They were certainly not the proudest moments in what has been called the Tea Party Movement: activists on Capitol Hill this weekend to oppose the Democratic health-care bill accused of slinging the N-bomb at black lawmakers, screaming "baby killer" at Rep. Bart Stupak, calling openly gay Rep. Barney Frank a "faggot," and spitting on Missouri Democrat Rep. Emanuel Cleaver.
These Washington Post reports and others, which were denied in part by the Washington Times and the right-wing blogosphere, nonetheless became part of the full front-page coverage of the health care debate drama, which climaxed with House passage of the legislation Sunday night. Obama is expected to sign the bill today. Coincidentally, the blaring coverage was a far cry from the Post‘s treatment of the antiwar march on Washington, also on Saturday, to mark the seven-year anniversary of the invasion of Iraq.
And it was a really far cry from the weekend’s Liberty Forum in Nashua, New Hampshire, where supporters – many of whom can actually take credit for starting the modern Tea Party during Rep. Ron Paul’s 2008 presidential campaign – came together to make a stand in a less, let’s say, overwrought way.
There doesn’t seem to be much daylight between the agitated Washington protesters and the activists at the Liberty Forum, which was sponsored by the Free State Project, the Campaign for Liberty, the Libertarian Party of New Hampshire, the New Hampshire Liberty Alliance, and others, on the issue of limited government and the return of constitutional principles. They all despise the idea of government-imposed health care and fall in together easily on the right to bear arms and efforts to "end the Fed." Some of the forum’s attendees, exhibitors, and speakers shared with me that they had indeed engaged in recent Tea Party rallies across the country.
Missing from New Hampshire, however, was the colorful hyperbole – there were no posters of President Obama as Hitler or Osama bin Laden, for example, though the president did loom as an almost mythical menace in some of the speeches, conversations, and bumper stickers at exhibit booths.
Judge Andrew Napolitano, the one libertarian staple on Fox News, let it rip for one inciting moment for the crowd on Friday night.
"The government is just an organization built on violence and force!" he boomed during a truncated history lesson, which ended with Napolitano urging the crowd to get a "fire in the belly over freedom" which "is what the government fears."
But overall, this New Hampshire gathering, numbering somewhere in the hundreds, seemed more methodical in its cause. Rather than using words like "liberty" and "freedom" and phrases like "founding fathers" and "we the people" as talismans and incantations, individuals there seemed much more comfortable and, dare I say, natural with the language. The Free State Project, after all, has been around since 2001 (when most of today’s neo-liberty crowd were too busy handing over their civil liberties to George W. Bush and advocating the obliteration of the Muslim world).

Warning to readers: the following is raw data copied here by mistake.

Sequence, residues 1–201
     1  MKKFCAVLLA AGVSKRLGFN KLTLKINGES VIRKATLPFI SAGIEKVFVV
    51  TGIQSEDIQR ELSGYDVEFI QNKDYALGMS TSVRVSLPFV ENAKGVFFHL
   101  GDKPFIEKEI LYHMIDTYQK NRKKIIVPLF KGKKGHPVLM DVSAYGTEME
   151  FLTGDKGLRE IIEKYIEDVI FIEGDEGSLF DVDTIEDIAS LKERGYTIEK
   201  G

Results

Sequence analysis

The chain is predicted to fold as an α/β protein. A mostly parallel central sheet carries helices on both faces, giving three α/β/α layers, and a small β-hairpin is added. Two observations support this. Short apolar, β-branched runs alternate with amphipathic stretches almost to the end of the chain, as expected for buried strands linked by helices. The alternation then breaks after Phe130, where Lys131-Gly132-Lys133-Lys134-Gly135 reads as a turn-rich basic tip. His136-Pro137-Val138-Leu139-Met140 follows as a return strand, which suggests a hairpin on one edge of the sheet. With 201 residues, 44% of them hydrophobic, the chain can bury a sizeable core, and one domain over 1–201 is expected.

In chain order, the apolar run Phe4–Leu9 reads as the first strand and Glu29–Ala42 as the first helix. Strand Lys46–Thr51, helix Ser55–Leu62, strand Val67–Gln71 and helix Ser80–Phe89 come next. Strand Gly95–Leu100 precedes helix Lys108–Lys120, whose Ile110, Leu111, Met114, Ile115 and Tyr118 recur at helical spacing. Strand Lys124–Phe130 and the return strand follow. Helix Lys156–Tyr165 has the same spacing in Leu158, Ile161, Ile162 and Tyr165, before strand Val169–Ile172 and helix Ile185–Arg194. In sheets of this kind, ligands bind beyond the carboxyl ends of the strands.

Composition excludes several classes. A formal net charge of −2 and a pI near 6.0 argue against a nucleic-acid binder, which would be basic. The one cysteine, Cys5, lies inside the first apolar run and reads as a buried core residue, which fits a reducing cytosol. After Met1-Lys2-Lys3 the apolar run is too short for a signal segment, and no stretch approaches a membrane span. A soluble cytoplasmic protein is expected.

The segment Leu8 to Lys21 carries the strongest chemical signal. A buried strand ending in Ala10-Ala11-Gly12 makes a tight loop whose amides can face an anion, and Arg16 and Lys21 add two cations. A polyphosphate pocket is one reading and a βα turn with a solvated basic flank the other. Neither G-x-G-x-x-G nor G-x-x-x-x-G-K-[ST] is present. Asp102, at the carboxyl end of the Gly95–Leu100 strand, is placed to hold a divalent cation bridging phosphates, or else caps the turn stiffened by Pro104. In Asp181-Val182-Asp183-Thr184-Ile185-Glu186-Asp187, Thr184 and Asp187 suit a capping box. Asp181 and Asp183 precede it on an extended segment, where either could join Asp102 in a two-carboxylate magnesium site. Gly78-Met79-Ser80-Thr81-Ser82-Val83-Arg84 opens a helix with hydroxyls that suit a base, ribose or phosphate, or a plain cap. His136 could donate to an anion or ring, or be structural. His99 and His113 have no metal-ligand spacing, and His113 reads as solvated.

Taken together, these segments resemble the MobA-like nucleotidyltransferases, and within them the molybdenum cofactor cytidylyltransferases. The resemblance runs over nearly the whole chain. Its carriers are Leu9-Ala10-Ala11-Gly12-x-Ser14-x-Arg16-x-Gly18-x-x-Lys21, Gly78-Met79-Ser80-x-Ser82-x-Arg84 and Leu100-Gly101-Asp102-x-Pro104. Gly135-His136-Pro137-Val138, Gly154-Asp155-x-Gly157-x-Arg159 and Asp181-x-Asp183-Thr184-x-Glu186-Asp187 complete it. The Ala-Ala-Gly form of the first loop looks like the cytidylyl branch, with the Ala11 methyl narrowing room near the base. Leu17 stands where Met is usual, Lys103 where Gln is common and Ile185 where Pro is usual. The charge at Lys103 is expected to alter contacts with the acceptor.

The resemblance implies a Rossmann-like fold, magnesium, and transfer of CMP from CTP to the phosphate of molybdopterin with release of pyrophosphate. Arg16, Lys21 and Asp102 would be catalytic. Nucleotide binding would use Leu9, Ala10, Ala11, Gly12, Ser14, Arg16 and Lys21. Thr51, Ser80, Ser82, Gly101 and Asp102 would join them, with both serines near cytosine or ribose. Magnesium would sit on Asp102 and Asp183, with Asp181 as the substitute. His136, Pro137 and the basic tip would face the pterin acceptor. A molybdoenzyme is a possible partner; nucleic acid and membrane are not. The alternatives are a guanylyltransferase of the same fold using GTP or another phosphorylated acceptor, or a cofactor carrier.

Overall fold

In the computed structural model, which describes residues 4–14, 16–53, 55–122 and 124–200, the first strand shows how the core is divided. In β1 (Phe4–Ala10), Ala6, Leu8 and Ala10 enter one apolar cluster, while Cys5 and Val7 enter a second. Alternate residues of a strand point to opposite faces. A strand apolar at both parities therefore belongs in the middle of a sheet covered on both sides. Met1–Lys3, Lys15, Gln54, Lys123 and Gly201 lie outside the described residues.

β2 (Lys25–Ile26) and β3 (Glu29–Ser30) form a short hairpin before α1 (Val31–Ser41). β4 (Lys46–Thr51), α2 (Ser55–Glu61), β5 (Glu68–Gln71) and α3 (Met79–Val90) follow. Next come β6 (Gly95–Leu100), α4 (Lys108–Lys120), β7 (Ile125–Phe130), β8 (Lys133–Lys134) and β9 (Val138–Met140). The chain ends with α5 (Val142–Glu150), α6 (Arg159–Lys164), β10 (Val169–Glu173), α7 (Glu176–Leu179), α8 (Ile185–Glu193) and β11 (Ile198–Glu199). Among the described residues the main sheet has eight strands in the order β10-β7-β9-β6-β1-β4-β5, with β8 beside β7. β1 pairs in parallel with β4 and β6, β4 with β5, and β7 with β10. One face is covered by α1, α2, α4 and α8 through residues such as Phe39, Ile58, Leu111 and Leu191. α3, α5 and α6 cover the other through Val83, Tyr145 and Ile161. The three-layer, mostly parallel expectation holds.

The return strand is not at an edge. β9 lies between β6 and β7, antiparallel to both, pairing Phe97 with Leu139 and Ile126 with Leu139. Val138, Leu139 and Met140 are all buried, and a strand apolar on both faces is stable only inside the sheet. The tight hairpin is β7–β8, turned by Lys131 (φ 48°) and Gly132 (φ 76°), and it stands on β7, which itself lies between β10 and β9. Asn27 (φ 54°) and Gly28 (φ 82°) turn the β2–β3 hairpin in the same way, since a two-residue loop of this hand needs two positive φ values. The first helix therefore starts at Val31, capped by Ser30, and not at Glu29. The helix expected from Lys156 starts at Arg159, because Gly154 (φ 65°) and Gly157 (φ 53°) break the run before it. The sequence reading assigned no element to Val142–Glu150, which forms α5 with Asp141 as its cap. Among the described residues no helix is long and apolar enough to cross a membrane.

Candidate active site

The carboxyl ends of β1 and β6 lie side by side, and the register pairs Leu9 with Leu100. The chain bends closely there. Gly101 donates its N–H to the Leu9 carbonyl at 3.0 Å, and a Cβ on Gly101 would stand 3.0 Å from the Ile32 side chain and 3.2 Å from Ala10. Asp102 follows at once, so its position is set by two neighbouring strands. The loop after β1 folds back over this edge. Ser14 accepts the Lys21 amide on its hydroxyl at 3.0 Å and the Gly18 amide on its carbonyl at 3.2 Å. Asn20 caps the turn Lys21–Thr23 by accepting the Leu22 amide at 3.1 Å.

Thus, the real 800-pound gorilla in the Nashua Plaza Hotel ballroom over the weekend: whether the current liberty/Tea Party movement – which started off, if not as a third-party libertarian endeavor, but as an alternative to the prevailing political status quo – is being co-opted by Republicans and right-wing conservatives who in the end cannot and will not accept libertarian positions against the war, the military-industrial complex, the war on drugs, and the growing police state.
"It’s a touchy subject," said Seth Cohn of the Free State Project, which so far has brought over 800 libertarian-minded people to New Hampshire. He said the Tea Party has been a repository for all types, and even the new popularity of the libertarian movement in New Hampshire now requires a measure of careful consideration over how the national security issue is articulated. He suggests there is a sizable portion of the Tea Party movement today that reverts right back to the blind "our country, right or wrong" meme as soon as the issue of war is invoked.
"There are a number of people here [at Liberty Forum] who have been going to Tea Parties and have been turned off by all the nationalism," he said, "agreeing that [Republicans] all want a piece of it. The question is, how do we reach those people?"
Perhaps the better question is, how do you prevent those people from allowing what was a genuine grass-roots opposition to the Republican mainstream platform to become part of the Republican mainstream platform? (At least we know that’s the preferred outcome of Republican lawmakers, who unfurled their bright [borrowed] yellow "Don’t Tread on Me" flags on the House floor on Saturday like they had been flying them always.)
But the Liberty Forum and representatives from their sponsor groups, which included LOLA (Ladies of Liberty Alliance), the Future of Freedom Foundation, the Alliance for the Separation of School and State, Gun Owners of America, and the upcoming film, Silver Circle, remember a time when their efforts were not only marginalized but openly mocked by right-wing conservatives in the Republican domain, so they are skeptical that it will ever be one big happy family of limited government and fiscally minded individuals.
"People boo" when you bring up the fiscal irresponsibility of the two-front war overseas, said Allison Gibbs, executive director of LOLA. She’s also working on antiwar veteran Adam Kokesh’s congressional campaign in New Mexico. She said national security is virtually a no-go topic among the neo-liberty crowd, even those who have warmed up to Ron Paul in recent times. "They say, oh I agree with him, but not on the war issue."